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Musical.ly users opened their phones to a surprise today as they found the application replaced with a new logo and name: TikTok. The app was acquired by Chinese company ByteDance in November 2017, which absorbed Musical.ly into its own TikTok app today. Existing Musical.ly users have been migrated over to their new TikTok accounts, that have been updated with a new interface yet still retains the core feature of both apps: short-form videos approximately just a few seconds.

Teen karaoke app Musical.ly, that had just reached a milestone of 100 million monthly active users, is an element of ByteDance’s larger strategy to get into the united states market. In the first quarter of 2018, tik tok auto fans was the world’s most downloaded iOS app, according to a report from US research firm Sensor Tower. TikTok will remain a standalone app in China, where it operates as Douyin and boasts over 300 million monthly active users. You may have even seen Douyin clips floating around before: maybe in the form of the “Karma’s a bitch” makeover meme that went viral earlier this season, or news of Peppa Pig getting banned from the platform because of her status as being a “subversive gangster icon.”

Some Musical.ly users are welcoming the alterations, and some are debating how you can identify themselves moving forward: musically is now “tik tok” having said that i will always be a muser. not just a clock. With Vine successor v2 “postponed indefinitely,” TikTok seems like the nearest thing we’ll be able to having Vine back. But although Musical.ly and TikTok both are platforms for sharing 15-second videos, TikTok will be missing a crucial part in the Musical.ly history, which had been built on teens lip-syncing and dancing to music. All the features to make karaoke videos are still there, but rebranding the app with a brand new name and forcing the existing Musical.ly users to migrate to a new platform is actually a move which could alienate the initial community. It’ll be up to the teens to decide whether TikTok’s popularity in China will translate to success in america.

Beijing ByteDance Technology will merge teen karaoke app Musical.ly using its popular short-video sharing platform TikTok to produce one global app beneath the TikTok brand, in a push to become the world’s go-to destination for short-form video content and creation. By registering you agree to our T&Cs & Privacy Policy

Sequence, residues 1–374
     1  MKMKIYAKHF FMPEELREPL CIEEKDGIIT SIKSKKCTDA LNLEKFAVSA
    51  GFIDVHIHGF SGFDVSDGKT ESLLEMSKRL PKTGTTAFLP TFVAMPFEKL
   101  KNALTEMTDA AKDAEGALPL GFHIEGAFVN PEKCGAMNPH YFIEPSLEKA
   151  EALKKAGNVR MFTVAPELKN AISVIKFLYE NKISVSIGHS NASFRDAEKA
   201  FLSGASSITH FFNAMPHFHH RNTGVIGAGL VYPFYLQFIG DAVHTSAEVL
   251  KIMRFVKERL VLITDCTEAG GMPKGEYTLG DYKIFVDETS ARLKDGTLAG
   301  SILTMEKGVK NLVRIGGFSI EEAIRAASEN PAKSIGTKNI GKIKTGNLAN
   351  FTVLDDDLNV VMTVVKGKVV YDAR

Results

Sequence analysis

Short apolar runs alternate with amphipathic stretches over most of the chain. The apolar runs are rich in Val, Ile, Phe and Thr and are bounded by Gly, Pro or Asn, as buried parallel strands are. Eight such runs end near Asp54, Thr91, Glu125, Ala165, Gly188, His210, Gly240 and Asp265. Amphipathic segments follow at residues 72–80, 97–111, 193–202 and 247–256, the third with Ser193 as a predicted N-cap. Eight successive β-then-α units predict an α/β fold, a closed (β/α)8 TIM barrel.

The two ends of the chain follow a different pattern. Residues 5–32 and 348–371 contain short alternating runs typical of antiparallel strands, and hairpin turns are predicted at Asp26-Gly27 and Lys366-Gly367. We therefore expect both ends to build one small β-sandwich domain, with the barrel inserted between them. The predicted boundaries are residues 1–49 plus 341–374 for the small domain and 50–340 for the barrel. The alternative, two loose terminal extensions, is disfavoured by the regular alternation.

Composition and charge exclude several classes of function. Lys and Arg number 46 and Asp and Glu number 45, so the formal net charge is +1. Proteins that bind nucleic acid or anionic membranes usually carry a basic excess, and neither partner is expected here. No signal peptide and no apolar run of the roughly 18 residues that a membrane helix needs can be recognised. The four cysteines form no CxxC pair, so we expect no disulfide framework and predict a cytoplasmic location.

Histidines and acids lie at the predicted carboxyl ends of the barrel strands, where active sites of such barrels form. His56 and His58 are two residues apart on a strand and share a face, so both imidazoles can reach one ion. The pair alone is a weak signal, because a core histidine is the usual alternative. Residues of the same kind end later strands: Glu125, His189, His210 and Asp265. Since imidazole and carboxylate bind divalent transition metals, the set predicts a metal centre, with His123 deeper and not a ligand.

The brand new app will retain the most popular features of both platforms and existing users will have their account, content and fan base automatically migrated to the new TikTok app, which will have a new logo and interface. The new app includes upgrades for instance a “reaction” feature which allows users to react to friends’ videos right from the cell phone and enhanced creative tools, the business said in a statement on Thursday.

“Musical.ly recently reached a brand new milestone of 100 million monthly active users so we are excited to initiate a new chapter,” said Alex Zhu, co-founder of Musical.ly and senior vice-president of TikTok. “Combining Musical.ly and TikTok is a natural fit because of the shared mission of both experiences – to create a community where everyone can be a creator.”

TikTok is a short-video sharing platform where users can view and provide quick videos using music, stickers and animations as effects. It had been the most downloaded non-game app in the Apple app store globally within the first quarter of 2018, reaching 45.8 million downloads, based on Sensor Tower, the San-Francisco-based mobile app research firm. The China ydpfbm of TikTok, called Douyin, will remain as being a stand-alone app.

Along with the new app, TikTok is launching a series of new creator programmes to supply users with technical support, performance insights and guidance on growth strategy. It is also launching a whole new safety centre, “to build an online experience that feels safe and welcoming,” based on the statement.

Most widely used iPhone app Tik Tok hits 150 million daily users in China. Although messaging remains to be the dominant activity in China on mobile, users acquire more than tripled the time they spend watching short videos in the last year, based on the China Internet Report co-authored through the South China Morning Post, Abacus and 500 Starups.The amount of monthly active users in short video apps in China, where Douyin competes with other platforms including Tencent Holdings-backed Kuaishou, doubled in 2017 to 414 million, in accordance with the report. The market, however, has faced a crackdown on content deemed “vulgar” by Chinese authorities and rising need for more privacy controls to guard minors.

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